High ground - Frans-Jan W. Parmentier

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While storms and extreme precipitation strike, the rich are moving to the high ground.
High ground
Klassekampen, 15 September 2017
The Canadian protest singer Geoff Berner already sang it years ago: "You and me baby, we’re going to watch the poor drown. ‘Cos the rich are gonna move to the high ground". Cynical, but also very topical now that hurricanes Harvey and Irma have left unprecedented devastations in just a few weeks. Because as usual, it's the poorest among us who will feel the effects the hardest, and longest.
Why? The wind certainly does not distinguish between poor and rich? No, in that case you're only thinking of the acute danger of a hurricane. Its devastation is not just due to the wind, but also due to storm surges and a high amount of precipitation. Just look at how Harvey laid waste to Houston a few weeks ago. The problems there were not caused by the high wind speeds, but because it was the wettest hurricane ever measured. Up to 1300 mm of rain in just one week. That is more than half a year of rainfall in Bergen, one of the wettest cities on the planet. Or a year and a half in Oslo.
The poorest people could not hide far away in a hotel room to sit out the storm, but were stuck in houses that were slowly running full of water. And while not just the poorest neighborhoods were flooded, the rich were better off. They have the money for expensive insurance policies or enough savings to quickly get back on their feet. No, I don't worry about the resilience of people with money. Many of them are already looking for a house on a higher piece of land.
Elida Dimas from Immokalee in Florida lived in a caravan and let out a different one, and lost her home and income when Hurricane Irma raged through last week.
As if Harvey wasn't enough motivation to do so, Irma arrived just a week later. The most powerful hurricane ever recorded in the Atlantic Ocean, which struck one island after another on its march towards Florida, leaving only death and destruction in its wake. Before the storm reached the mainland of the United States, a long parade of private planes, often chartered for thousands of dollars, flew out of Florida. The super rich even evacuate in style.
How rich and poor are not affected by hurricanes in the same way was most visible after Katrina in New Orleans in 2005. The poorest inhabitants were packed together in a stadium waiting for the storm to pass, to be left to their fate for days afterwards. Moreover, their neighborhoods were defended the least against flooding, which caused many people who stayed home to drown.
Far from the USA it isn't much better. As the whole world followed the news from Houston, a third of Bangladesh was flooded by the most severe monsoon in years. More than 1200 people died in Bangladesh, India and Nepal. In August, an equal number of people died throughout Africa due to heavy rainfall and mudflows in Nigeria and Sierra Leone, among others. But of course these annually recurring scenes receive less attention in the media than a hurricane like Irma, with record speeds up to 300 kph, hitting a rich Western country. When it comes to the attention given to natural disasters, some are more equal than others.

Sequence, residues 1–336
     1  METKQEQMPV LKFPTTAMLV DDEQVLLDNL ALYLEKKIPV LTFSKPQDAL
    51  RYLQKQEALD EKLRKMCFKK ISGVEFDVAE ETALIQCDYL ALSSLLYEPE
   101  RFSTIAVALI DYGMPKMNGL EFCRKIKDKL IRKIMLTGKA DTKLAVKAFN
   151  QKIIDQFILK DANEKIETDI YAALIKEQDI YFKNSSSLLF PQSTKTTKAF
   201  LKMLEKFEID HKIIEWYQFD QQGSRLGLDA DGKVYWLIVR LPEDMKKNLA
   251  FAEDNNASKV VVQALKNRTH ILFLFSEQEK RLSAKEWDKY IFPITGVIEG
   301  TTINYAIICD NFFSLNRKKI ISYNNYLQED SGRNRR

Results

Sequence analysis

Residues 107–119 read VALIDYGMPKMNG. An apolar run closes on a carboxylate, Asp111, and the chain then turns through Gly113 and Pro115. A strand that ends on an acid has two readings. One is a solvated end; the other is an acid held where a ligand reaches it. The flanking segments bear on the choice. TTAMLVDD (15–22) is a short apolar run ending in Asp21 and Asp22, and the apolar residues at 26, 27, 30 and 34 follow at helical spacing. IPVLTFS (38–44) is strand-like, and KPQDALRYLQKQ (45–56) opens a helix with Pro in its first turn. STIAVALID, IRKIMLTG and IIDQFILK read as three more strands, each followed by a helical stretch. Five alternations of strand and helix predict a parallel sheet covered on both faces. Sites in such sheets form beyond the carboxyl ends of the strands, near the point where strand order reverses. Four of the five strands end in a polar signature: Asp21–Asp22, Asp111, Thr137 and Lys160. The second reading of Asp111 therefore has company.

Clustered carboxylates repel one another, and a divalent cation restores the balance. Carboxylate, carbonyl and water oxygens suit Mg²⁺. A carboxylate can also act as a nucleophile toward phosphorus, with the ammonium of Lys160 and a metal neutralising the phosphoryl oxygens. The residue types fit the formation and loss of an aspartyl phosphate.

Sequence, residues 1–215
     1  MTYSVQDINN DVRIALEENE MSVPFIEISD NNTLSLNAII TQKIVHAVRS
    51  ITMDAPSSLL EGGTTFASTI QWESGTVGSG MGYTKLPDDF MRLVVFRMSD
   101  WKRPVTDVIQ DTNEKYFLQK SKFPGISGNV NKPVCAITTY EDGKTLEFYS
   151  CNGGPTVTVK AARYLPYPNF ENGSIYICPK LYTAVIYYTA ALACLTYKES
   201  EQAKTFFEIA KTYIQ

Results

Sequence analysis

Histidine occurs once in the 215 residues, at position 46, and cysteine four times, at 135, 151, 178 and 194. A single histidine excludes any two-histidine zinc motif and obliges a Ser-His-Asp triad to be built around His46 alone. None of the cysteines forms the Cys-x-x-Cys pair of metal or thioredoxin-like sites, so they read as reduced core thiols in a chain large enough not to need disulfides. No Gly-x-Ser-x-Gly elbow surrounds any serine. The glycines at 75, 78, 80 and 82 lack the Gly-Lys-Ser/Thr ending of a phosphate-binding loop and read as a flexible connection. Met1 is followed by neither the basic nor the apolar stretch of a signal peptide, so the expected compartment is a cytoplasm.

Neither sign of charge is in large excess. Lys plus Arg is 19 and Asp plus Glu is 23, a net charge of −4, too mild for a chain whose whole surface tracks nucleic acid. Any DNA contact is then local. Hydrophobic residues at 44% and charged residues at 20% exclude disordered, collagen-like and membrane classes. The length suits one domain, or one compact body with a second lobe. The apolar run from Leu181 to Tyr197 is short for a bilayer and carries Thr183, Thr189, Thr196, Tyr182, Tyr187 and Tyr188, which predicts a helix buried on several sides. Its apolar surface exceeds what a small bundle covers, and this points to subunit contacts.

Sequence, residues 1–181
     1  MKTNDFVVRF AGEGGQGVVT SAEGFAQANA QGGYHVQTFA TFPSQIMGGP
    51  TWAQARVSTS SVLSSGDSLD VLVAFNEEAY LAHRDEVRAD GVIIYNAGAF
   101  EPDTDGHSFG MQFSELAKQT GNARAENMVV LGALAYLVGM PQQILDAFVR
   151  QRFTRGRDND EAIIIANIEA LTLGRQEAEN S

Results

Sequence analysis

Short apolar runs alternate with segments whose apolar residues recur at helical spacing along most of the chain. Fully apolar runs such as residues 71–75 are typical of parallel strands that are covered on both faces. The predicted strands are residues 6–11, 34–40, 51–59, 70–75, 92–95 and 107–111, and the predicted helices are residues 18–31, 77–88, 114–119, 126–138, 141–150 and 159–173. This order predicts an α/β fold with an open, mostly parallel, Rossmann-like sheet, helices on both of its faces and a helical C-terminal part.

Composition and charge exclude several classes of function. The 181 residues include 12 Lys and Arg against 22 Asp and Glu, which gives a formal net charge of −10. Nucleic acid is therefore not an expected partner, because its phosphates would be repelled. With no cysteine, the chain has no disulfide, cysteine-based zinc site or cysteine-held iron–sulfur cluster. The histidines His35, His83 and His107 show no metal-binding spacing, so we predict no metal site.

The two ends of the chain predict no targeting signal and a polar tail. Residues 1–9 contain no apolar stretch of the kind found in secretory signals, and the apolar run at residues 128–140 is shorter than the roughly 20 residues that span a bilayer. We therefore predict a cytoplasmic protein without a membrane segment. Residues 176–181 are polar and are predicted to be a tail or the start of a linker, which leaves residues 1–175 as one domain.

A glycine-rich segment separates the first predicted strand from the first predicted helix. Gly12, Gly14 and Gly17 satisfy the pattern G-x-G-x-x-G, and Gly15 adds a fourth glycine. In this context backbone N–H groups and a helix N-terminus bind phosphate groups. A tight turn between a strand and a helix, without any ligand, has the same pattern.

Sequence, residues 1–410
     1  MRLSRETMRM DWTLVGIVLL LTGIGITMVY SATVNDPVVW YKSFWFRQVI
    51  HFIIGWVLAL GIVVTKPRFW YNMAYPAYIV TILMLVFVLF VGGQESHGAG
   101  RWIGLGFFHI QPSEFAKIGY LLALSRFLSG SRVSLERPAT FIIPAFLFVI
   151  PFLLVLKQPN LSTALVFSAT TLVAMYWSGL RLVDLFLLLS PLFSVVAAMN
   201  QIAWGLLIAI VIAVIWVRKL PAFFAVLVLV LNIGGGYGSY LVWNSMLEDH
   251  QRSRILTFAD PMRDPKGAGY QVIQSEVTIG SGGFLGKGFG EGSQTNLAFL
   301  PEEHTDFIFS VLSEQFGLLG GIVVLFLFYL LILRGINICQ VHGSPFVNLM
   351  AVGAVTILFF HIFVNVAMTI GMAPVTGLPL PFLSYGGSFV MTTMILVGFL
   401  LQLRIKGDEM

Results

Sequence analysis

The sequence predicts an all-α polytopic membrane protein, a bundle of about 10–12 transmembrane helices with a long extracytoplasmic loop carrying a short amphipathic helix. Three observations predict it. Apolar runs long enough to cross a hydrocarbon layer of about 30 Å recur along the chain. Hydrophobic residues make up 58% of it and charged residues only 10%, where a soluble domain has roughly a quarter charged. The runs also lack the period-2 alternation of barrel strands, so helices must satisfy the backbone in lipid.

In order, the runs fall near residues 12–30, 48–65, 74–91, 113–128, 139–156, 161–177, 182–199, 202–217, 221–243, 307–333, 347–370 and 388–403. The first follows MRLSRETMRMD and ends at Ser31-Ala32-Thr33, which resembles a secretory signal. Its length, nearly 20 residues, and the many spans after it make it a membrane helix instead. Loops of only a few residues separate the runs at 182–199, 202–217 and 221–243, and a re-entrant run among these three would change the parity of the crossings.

Yes, that also makes oil-producing Norway partly responsible
The key question is obviously whether all this has to do with climate change. This was suggested by both the media and politicians. Is that correct? Well, it isn't clear whether hurricanes will occur more often, but climate change will make them stronger. Hurricanes are fed, among other things, by the temperature of the seawater. The higher it is, the more energy can be fed into a storm, which increases its intensity. During both Harvey and Irma, the oceanwater was exceptionally warm. And not only hurricanes are getting worse due to global warming. The strong monsoon in Asia also fits this pattern.
We know that the rich industrial west is largely responsible for the historical emission of greenhouse gases, and with it the warming of the planet. And yes, that also makes oil-producing Norway partly responsible. With that knowledge, the behavior of the great Norwegian political parties resembles cognitive dissonance. To recognize climate change on the one hand, without significantly reducing its own contribution. On the contrary. The right-wing parties have supported the oil industry enormously, for example by allowing oil extraction in the Barents Sea (a decision that recently appeared to be based on a calculation error in Excel). On the left side the Arbeiderpartiet is ready to make oil extraction outside of the Lofoten archipelago possible.
Apparently voters were all fine with this, as the election results showed. Perhaps they thought that climate change wil predominantly hit poor people in countries far away, and not themselves. Or maybe they do not see the seriousness of the situation. As Geoff Berner sang further: "For every sad number that the scientists find, you get the feeling that some people really don’t mind".
This text originally appeared in Klassekampen on 15 September 2017